Type(ListElement), Pointer :: previous=>null(), next=>null()
  Class(*), Pointer :: content=>null()
End Type
end Module LL

Making tmp allocatable would for some applications require copying huge amount of data, where as not allocating memory via the pointer would require additonal variables (more code) for other applications. And since the finalizer is invoked automatically when callling Deallocate(content) the segfault is guaranteed if one is not carefull.

You need to decide whether your list stores references to objects managed elsewhere, or whether the list stores references to objects that it owns, or whether the list stores the value of objects. 

If the list is storing references to objects managed elsewhere, then it shouldn't be calling DEALLOCATE(content) - that's the job of whatever thing is supposed to be doing the management.

(Allocatables can be moved quite efficiently.)

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In your original post, if

In your original post, if your type1%p can be both directly allocated and pointed to => within the same program, then it would be advisable to also include a flag to indicate if the pointer were directly allocated or not. You might be able to discern this without an explicit flag if you have a separate means to determine if the array descriptor has the target attribute. IOW when target, do not deallocate and nullify.

Jim Dempsey

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Valued Contributor III
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Quote:may.ka wrote:

may.ka wrote:

..  I can(have to) live with the responibility and had already code like the logical switch in mind. But I thought I was missing something.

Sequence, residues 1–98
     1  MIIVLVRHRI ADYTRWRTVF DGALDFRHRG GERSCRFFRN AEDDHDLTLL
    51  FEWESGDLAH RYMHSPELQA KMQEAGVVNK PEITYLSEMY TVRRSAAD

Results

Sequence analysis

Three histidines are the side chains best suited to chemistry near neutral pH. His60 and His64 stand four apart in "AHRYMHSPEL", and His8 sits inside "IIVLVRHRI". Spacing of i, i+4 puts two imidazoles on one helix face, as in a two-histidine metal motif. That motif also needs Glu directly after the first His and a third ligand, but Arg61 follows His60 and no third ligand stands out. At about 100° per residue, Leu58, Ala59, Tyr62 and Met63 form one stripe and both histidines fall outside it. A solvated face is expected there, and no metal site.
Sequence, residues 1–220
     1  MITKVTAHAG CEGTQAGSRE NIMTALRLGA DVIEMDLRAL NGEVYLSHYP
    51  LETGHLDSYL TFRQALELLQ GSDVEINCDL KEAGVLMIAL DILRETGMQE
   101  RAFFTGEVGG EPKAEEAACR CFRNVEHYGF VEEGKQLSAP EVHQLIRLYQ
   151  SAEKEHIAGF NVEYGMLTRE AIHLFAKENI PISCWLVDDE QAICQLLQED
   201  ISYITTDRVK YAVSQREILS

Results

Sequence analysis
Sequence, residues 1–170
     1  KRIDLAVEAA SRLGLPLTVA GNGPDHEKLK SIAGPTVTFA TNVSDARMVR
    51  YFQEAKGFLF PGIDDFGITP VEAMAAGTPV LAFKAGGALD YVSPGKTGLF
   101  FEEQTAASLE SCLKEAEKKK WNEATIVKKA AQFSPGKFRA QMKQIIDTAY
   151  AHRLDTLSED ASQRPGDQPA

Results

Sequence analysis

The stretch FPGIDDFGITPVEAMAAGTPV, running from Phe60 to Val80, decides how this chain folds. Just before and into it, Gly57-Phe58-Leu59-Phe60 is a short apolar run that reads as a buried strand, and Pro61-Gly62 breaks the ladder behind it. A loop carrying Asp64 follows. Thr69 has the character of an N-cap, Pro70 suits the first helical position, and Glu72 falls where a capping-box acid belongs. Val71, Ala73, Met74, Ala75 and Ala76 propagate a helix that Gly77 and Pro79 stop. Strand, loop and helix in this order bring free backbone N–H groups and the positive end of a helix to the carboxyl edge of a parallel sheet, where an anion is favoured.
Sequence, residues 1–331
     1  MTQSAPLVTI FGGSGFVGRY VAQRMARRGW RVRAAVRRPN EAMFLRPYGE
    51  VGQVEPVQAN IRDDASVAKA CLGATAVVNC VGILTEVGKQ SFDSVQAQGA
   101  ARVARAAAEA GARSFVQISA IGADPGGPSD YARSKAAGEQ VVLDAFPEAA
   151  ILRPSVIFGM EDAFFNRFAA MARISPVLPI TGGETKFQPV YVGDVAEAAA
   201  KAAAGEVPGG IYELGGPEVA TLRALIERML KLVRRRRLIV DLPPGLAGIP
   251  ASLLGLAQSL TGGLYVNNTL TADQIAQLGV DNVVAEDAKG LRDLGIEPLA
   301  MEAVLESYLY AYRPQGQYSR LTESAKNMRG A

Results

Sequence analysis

However, your question was about the intent of of such code.

It is for instance usefull when doing linked list where the acutal list content is stored behind an (unlimited) polymorphic pointer. Such a list struture would look like ..

Making tmp allocatable would for some applications require copying huge amount of data, where as not allocating memory via the pointer would require additonal variables (more code) for other applications. And since the finalizer is invoked automatically when callling Deallocate(content) the segfault is guaranteed if one is not carefull.

Cheers

Sure, but you have sufficient options in terms of class design in standard Fortran to work with such linked lists.  It's unclear from your design why tmp component of MMatrix type needs to have pointer attribute nor the content component of your ListElement.  Among other things, you can also consider an abstract data type that does all the mechanics of working with a doubly linked list and a concrete implementation of such an abstract type for a matrix element can have a data component of allocatable attribute.  Memory management and avoiding leaks, etc. becomes much easier then.